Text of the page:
Android is making it easy for transit riders to steal free rides. With Android’s NFC enabled smartphone and their “UltraReset” application, transit riders in several U.S. cities can simply wipe their balance and add a new balance of their choosing. Cities like San Francisco and New Jersey have already been told that their transit smart cards are vulnerable, but other city transit cards still need to be tested.
Security researchers from the Intrepidus Group revealed the discovery this week at the EUSecWest security conference in Amsterdam. According to ITWorld, the application takes advantage of a flaw found in NFC-based cards. These cards are used by both San Francisco Muni and New Jersey Path, and both transit systems have been informed of the flaw. San Francisco’s cards were tested, and the city was originally informed in December, 2011. Currently, these cities are both still vulnerable.
However, it’s not just San Francisco and New Jersey that could be potentially affected. Boston, Seattle, Salt Lake City, Chicago and Philadelphia are also using contactless card systems. If their cards are also using the Mifare Ultralight chip that is used for contactless NFC chips, then the cards would also be easy to hack into. According to researchers, almost anyone would be able to put new data onto the card.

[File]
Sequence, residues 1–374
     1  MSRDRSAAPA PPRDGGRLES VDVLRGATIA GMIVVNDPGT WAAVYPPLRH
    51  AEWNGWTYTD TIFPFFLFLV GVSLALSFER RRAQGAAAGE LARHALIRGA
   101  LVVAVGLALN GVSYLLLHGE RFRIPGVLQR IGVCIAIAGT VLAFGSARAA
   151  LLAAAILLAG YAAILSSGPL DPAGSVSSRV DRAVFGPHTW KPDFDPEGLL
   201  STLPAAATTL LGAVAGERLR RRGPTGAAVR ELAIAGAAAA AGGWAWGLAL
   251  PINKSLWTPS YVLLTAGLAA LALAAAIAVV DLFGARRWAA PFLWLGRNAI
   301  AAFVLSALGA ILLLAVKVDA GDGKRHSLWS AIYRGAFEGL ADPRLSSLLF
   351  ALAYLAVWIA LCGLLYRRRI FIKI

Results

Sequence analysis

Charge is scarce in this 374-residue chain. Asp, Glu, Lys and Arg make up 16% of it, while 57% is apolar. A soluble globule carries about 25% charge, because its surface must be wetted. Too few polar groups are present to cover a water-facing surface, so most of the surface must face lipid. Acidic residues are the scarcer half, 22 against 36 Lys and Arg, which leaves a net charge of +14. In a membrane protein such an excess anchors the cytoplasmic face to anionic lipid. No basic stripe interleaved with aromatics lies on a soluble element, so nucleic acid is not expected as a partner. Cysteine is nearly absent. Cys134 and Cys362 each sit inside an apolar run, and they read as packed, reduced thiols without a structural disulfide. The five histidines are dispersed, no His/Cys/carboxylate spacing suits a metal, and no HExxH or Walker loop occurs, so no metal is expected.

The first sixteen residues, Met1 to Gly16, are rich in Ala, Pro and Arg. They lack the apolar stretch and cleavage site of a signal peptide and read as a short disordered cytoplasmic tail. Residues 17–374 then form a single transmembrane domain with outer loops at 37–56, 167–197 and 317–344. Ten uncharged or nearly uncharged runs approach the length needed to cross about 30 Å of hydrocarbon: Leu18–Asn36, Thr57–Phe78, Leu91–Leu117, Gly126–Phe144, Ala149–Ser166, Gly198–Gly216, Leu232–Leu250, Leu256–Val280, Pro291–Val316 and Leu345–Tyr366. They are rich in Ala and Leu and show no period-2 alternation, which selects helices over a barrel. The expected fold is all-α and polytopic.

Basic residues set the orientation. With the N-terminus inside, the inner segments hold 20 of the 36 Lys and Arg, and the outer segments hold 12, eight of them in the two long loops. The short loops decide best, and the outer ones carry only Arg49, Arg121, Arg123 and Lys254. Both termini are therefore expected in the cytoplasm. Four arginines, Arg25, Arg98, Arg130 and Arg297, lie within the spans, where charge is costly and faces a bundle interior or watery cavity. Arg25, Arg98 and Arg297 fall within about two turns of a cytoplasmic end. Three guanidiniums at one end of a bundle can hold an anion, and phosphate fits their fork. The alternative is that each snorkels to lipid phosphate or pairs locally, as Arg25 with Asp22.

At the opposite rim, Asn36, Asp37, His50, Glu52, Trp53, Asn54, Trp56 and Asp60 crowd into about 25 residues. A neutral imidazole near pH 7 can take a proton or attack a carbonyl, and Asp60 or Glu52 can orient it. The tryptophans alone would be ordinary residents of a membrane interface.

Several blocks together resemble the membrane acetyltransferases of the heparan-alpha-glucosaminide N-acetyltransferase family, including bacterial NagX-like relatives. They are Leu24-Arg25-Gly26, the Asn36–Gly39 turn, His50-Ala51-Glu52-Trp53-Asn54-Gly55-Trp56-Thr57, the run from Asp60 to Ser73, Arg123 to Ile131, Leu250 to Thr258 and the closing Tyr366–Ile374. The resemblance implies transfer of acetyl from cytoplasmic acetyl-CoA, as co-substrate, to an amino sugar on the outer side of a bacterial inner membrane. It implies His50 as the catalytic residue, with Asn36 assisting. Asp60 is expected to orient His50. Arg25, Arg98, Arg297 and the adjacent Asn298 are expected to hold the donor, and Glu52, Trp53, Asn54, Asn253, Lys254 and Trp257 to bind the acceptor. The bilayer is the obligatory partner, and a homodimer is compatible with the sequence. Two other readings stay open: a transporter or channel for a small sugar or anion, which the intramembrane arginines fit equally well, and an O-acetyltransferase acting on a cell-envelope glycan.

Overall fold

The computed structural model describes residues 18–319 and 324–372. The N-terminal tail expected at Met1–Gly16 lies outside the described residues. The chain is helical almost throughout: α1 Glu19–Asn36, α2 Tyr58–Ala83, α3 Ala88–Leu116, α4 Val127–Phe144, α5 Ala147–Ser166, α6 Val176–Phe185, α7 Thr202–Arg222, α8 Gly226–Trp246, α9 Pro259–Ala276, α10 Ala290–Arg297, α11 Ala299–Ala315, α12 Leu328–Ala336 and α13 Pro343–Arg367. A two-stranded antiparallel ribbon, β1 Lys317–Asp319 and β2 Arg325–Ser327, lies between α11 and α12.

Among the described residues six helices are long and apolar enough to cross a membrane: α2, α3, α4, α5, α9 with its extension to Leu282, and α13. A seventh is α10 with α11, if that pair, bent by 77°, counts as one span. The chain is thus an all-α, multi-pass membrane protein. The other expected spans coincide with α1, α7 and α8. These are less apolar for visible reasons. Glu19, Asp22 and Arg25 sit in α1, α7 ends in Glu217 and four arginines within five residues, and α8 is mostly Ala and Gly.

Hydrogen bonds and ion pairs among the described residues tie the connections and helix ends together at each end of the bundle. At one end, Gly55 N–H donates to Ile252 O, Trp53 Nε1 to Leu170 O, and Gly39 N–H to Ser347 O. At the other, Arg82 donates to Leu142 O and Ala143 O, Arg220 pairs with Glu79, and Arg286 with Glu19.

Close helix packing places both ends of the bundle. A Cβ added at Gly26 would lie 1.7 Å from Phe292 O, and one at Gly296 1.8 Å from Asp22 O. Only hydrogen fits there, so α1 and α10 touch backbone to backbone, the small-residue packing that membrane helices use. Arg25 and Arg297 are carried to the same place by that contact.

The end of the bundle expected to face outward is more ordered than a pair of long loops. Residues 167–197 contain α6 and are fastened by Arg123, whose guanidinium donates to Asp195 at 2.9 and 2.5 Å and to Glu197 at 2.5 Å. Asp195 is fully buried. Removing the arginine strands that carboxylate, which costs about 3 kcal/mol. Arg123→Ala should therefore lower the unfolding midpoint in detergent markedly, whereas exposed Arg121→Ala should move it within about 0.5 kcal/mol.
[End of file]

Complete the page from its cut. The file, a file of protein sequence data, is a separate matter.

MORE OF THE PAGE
Unfortunately, San Francisco and New Jersey were the only cities that were able to be tested. However, other cities may now use UltraCard Tester, which is an adjusted version of the UltraReset application. With this, transit authority security can be tested, but some vulnerability may still linger. In order to fully fix the problem, researchers are suggesting that transit authorities invest in a more secure chip.
If your transit authority is looking for a secure solution, give Capture Technologies a call. We offer chip-based card solutions for a number of different industries. From smart cards to security cameras, we are dedicated to making your business a safer place.